NVIDIA unveils DRIVE Thor – a centralised car computer

23rd September 2022
Sheryl Miles

NVIDIA has introduced NVIDIA DRIVE Thor, its next-gen centralised computer for safe and secure autonomous vehicles.

DRIVE Thor, which achieves up to 2,000 teraflops of performance, unifies intelligent functions – including automated and assisted driving, parking, driver and occupant monitoring, digital instrument cluster, in-vehicle infotainment (IVI) and rear-seat entertainment – into a single architecture for greater efficiency and lower overall system cost. 

The next-gen superchip comes packed with the cutting-edge AI capabilities first introduced in the NVIDIA Hopper Multi-Instance GPU architecture, along with the NVIDIA Grace CPU and NVIDIA Ada Lovelace GPU.

DRIVE Thor with MIG support for graphics and compute enables IVI and advanced driver-assistance systems to run domain isolation, which allows concurrent time-critical processes to run without interruption.

Available for automakers’ 2025 models, it will accelerate production roadmaps by bringing higher performance and advanced features to market in the same timeline.

“Advances in accelerated computing and AI are moving at lightspeed,” said Jensen Huang, Founder and CEO of NVIDIA. “DRIVE Thor is the superhero of centralised compute, with lightning-fast performance to deliver continuously upgradable, safe and secure software-defined supercomputers on wheels.”

Signalling the transportation industry’s support for supercomputing architecture, Geely-owned automaker, ZEEKR, announced it will integrate DRIVE Thor on its centralised vehicle computer for its next-gen intelligent electric vehicles, starting production in early 2025.

ZEEKR CEO An Conghui said: “ZEEKR users demand a luxury experience that includes the latest technology and safety features. NVIDIA DRIVE Thor will support our mission of providing cutting-edge technology that fulfils the needs of our customers and ensures ZEEKR remains at the forefront of tomorrow’s innovations.”

DRIVE Thor supports multi-domain computing, isolating functions for automated driving and IVI. Typically, dozens of electric control units are distributed throughout a vehicle to power individual functions. With DRIVE Thor, manufacturers can efficiently consolidate many functions on a single system-on-a-chip (SoC), which eases supply constraints and simplifies vehicle-design development, resulting in significantly lower cost, less weight, and fewer cables.

DRIVE Thor AV platform incorporates an inference transformer engine, a component of the Tensor Cores within NVIDIA GPUs. With this engine, DRIVE Thor can accelerate inference performance of transformer deep neural networks by up to 9x, which is paramount for supporting the complex AI workloads associated with self-driving.

Another advantage of DRIVE Thor is its 8-bit floating point (FP8) capability. Typically, developers lose neural-network accuracy when moving from 32-bit FP data to 8-bit integer format. DRIVE Thor features 2,000 teraflops of FP8 precision, allowing the transition to 8-bit without sacrificing accuracy.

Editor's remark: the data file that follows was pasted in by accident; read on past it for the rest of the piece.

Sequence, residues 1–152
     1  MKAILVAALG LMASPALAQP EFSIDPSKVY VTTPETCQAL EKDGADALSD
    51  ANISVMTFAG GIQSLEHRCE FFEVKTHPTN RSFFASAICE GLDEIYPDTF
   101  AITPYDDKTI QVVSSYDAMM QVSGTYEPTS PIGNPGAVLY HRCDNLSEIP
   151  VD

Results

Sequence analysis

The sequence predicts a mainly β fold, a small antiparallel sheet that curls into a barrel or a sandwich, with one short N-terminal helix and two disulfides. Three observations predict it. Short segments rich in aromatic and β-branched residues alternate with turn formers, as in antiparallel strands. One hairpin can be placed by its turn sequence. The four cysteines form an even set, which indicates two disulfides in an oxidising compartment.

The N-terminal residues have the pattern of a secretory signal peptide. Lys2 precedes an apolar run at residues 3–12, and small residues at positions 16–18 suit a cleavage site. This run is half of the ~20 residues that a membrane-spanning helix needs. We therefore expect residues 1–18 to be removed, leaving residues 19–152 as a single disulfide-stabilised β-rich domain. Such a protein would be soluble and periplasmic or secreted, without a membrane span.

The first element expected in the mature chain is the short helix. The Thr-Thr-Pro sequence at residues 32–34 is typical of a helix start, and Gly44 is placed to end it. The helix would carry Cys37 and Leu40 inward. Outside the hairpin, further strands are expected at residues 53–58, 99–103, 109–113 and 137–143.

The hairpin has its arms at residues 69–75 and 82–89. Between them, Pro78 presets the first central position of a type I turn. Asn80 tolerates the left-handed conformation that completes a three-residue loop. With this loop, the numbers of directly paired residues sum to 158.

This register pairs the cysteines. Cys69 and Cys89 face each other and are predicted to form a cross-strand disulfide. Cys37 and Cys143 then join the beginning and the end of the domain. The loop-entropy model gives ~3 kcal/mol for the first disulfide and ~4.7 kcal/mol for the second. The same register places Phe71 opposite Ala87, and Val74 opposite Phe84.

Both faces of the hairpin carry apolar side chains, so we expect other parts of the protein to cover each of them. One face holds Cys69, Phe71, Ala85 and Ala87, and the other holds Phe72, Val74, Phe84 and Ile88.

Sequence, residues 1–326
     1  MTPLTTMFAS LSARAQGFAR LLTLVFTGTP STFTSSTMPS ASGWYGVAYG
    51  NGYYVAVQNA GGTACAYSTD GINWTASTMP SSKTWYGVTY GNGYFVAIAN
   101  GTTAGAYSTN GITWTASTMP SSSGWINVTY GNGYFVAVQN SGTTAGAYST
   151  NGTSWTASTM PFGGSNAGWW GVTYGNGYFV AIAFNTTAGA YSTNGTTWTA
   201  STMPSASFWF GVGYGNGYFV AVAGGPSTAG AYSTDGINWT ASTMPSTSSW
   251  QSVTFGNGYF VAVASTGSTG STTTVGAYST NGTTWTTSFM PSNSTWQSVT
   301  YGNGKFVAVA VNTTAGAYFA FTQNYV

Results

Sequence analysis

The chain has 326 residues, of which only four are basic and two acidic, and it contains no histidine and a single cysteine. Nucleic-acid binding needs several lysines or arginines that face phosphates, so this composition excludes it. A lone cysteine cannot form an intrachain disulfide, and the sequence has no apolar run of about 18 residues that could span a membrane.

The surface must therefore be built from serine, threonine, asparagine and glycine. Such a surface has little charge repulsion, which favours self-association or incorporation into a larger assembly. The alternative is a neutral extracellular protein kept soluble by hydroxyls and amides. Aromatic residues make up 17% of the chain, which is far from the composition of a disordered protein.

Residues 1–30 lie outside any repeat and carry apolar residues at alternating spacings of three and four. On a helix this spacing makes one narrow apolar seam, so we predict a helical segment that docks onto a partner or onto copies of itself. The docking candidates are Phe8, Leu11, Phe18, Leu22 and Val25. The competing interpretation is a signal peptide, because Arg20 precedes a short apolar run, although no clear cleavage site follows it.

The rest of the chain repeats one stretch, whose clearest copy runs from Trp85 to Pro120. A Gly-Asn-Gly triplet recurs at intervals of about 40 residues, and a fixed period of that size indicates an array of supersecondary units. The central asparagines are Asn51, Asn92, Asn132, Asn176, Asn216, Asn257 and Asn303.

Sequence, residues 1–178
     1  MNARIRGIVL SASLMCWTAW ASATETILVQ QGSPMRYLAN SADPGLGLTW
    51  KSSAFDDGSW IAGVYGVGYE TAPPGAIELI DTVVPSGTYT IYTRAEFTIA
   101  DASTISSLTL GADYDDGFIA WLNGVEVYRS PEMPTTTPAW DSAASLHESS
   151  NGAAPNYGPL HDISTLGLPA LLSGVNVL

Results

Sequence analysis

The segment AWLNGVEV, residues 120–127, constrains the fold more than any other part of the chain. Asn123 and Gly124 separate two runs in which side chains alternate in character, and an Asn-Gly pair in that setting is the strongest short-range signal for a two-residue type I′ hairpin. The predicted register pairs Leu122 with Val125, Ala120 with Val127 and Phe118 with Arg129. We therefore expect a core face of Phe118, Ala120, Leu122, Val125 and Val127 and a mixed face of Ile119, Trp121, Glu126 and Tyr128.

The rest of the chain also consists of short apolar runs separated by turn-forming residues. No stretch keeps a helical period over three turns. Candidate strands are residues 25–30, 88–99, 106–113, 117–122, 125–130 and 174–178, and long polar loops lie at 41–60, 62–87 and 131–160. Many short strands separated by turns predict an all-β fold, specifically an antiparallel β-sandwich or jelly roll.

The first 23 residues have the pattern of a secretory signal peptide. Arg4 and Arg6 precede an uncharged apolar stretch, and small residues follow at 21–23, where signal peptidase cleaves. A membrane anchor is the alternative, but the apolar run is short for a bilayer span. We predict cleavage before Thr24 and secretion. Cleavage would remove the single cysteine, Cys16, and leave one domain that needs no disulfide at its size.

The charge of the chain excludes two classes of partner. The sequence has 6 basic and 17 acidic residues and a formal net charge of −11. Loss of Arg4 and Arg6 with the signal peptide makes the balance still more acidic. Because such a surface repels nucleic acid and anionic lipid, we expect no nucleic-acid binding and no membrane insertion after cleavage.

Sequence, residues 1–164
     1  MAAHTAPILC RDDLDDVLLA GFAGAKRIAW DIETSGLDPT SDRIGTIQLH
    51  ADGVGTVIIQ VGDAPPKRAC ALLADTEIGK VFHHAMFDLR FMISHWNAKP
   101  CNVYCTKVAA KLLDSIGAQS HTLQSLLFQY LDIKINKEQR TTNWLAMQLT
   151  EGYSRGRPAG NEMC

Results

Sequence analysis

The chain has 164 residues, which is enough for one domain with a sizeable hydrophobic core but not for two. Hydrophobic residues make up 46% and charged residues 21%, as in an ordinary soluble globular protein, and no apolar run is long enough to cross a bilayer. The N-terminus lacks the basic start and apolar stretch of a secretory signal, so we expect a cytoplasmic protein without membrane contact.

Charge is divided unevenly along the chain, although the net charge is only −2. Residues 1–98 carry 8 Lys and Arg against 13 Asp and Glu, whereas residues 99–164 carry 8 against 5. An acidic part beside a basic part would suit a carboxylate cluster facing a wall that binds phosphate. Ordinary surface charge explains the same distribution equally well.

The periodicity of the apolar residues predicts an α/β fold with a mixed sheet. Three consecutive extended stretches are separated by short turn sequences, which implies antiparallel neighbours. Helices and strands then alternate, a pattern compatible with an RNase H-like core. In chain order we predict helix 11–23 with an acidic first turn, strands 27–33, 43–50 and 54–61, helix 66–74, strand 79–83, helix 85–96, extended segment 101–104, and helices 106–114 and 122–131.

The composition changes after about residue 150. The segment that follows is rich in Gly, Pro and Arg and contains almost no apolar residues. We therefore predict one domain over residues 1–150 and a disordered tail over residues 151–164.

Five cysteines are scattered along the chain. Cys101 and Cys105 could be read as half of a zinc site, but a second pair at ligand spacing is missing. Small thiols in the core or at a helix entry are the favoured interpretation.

The superchip also uses the latest NVLink-C2C chip interconnect technology, while running multiple operating systems. The advantage of the NVLink-C2C is its ability to share, schedule and distribute work across the link with minimal overhead. This equips automakers with the compute headroom and flexibility to build software-defined vehicles that are continuously upgradeable through secure, over-the-air software updates.

“The shift to software-defined vehicles with centralised electronic architectures is accelerating, driving a need for more powerful and more energy-efficient compute platforms,” said Sam Abuelsamid, Principal Research Analyst at Guidehouse Insights. “The virtualisation, high-speed data transfer and massive processing performance of NVIDIA DRIVE Thor can enable safer vehicles, better user experiences and potential new revenue streams.”

DRIVE Thor is designed for the highest levels of functional safety and has a unified approach across its entire system, from the data centre to the fleet.

Safety is incorporated into every step of the company’s development process – including design, production and vehicle operation.

The DRIVE Thor SoC and AGX board are developed to comply with ISO 26262 standards. The software stack is designed for both ISO 26262 and ASPICE compliance. The Thor SoC and software are also designed and produced in alignment with ISO 21434, which provides the pathway for compliance with regulatory security such as UNECE Regulation 155.

DRIVE Thor replaces NVIDIA DRIVE Atlan and will be the follow-on to DRIVE Orin, which is currently in production and delivers 254 TOPS of performance.

Broad Industry Support for DRIVE Thor

Existing DRIVE Orin customers can take advantage of the platform’s scalable architecture to transition current development efforts to DRIVE Thor. Developers can reap the benefits of their software investments across multiple product generations as they design for future production roadmaps.

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